Carefully Crafted on February 02

Yelp for Nonprofits

More than 30,000 nonprofits have created Facebook pages, while there are at least 15,000 nonprofits using Twitter. However, those two networks aren’t the “end all, be all” for nonprofit social media. Other sites/networks may provide more value, or a stronger connection to a group’s stakeholders.

Yelp for nonprofitsFor example, what can nonprofits do with Yelp? I frequently rely on Yelp to discover new restaurants, but it’s so much more than that, as this video interview with San Francisco’s Women’s Community Clinic communication director illustrates. (The organization’s Yelp page includes 44 reviews, and an overall 5-star rating.)

5 Ways Yelp Helps Nonprofits

  1. Reviews on Yelp are a goldmine for valuable insights. Collect feedback — both positive and negative — and share it with the appropriate internal departments.
  2. If someone leaves factually incorrect information in a review, odds are he/she isn’t the only person misinformed. Yelp provides a platform for organizations to correct the facts — ensuring people who come to the page receive accurate details.
  3. Yelp helps the clinic manage expectations, and see what messages stakeholders internalize. In the video, Anne explains that the reviews reveal that women know ahead of time that they’re visiting a free, high-demand clinic, and that that means they’ll have to wait to see a doctor. It’s expected, so patients don’t get mad.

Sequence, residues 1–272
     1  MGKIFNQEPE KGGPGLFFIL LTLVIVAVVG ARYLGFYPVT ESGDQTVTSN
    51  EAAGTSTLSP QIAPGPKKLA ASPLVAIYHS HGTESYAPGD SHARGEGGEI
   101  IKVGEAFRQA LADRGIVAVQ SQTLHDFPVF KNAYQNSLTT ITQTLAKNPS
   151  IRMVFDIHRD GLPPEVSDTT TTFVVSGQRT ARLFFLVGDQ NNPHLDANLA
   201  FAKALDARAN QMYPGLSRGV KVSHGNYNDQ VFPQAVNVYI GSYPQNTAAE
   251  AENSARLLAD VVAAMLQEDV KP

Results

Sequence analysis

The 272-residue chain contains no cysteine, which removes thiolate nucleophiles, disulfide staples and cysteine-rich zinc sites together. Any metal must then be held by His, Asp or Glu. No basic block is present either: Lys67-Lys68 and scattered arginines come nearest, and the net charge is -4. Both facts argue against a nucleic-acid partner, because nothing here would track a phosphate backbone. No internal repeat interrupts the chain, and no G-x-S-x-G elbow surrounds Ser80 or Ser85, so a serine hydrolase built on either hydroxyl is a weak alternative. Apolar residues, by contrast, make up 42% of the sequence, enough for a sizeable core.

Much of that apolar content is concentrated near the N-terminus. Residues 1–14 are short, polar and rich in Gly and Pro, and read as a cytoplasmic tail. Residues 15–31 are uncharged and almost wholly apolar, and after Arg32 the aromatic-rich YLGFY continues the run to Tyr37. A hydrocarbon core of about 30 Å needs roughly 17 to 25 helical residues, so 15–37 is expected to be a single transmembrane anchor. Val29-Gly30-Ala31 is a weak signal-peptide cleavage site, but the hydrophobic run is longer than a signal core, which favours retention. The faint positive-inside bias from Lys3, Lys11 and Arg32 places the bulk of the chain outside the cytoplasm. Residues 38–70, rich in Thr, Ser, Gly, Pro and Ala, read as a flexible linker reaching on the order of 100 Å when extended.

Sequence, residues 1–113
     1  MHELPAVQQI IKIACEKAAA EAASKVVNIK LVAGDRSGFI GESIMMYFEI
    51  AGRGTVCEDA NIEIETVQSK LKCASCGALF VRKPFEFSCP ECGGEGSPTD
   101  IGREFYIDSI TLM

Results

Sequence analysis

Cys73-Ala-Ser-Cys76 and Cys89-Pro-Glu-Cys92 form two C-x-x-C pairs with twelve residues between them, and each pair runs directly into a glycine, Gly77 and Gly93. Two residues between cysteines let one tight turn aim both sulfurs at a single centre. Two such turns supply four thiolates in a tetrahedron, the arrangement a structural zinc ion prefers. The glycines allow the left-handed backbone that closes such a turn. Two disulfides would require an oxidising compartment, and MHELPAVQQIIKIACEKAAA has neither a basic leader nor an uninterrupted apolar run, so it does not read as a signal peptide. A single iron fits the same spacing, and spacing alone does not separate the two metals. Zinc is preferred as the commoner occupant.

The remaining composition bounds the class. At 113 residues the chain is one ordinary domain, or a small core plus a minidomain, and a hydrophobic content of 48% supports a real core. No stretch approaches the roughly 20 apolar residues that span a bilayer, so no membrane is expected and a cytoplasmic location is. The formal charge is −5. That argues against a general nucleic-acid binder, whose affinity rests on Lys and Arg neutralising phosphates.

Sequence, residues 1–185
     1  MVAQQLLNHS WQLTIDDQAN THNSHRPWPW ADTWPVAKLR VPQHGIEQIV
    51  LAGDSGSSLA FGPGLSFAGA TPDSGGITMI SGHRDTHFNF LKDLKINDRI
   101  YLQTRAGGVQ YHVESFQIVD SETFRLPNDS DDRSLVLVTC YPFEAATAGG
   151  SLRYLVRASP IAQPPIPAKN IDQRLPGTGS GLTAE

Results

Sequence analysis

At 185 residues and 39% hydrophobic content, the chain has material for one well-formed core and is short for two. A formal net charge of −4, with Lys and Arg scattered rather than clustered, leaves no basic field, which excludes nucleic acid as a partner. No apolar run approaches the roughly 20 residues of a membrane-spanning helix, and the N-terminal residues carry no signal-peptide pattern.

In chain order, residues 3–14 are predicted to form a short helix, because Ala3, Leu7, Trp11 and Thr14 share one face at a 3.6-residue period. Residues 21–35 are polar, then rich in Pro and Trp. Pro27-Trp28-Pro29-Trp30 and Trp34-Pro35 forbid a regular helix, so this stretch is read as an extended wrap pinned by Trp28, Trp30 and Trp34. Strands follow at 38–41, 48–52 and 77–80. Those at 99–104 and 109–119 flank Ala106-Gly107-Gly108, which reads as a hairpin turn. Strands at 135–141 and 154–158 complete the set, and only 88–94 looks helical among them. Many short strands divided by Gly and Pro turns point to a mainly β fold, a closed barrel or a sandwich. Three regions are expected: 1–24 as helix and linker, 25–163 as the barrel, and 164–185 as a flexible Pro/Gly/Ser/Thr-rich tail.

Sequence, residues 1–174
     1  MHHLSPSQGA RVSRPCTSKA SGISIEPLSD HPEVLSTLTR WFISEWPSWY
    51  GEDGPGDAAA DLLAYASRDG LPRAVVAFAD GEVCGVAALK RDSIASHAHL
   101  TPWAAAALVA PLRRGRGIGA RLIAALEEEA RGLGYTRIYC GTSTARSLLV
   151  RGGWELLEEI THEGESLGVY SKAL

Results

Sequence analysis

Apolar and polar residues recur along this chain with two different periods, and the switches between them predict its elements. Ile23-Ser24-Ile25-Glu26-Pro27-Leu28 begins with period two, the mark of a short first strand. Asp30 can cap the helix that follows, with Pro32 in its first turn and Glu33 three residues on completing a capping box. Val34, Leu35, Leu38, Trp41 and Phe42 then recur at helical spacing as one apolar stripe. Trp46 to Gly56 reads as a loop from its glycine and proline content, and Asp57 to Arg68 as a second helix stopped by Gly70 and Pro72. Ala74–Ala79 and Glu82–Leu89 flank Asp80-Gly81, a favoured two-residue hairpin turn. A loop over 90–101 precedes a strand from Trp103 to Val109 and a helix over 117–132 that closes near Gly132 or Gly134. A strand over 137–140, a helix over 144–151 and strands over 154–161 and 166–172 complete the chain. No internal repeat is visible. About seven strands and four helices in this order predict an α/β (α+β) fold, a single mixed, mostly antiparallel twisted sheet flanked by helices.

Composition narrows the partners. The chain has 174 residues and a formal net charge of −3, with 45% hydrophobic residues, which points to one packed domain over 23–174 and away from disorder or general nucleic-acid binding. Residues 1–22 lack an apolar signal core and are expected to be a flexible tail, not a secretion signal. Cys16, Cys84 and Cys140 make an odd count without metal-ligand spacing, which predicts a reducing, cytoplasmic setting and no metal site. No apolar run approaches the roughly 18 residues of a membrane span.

4. Yelp provides a more realistic view of a nonprofit. Testimonials on a traditional website reflect the “best of the best” — and visitors to the site know they’re reading filtered feedback. Yelp, on the other hand, offers an unfiltered (and more trustworthy) view of other people’s experiences with that organization.
  5. Especially for nonprofits dealing with sensitive issues, such as women’s health care, Yelp provides a valuable connection between people who have dealt with the organization and those considering reaching out. For the clinic, Yelp connects women with other women who may feel isolated, scared or alone. It’s an extension of word-of-mouth.

What other benefits do you see for nonprofits? Are you familiar with organizations including Yelp in their social media strategy? Share your thoughts in the comments section.

If you operate a 501(c)3 organization and want to unlock (or create) your non-profit’s Yelp listing, visit biz.yelp.com.

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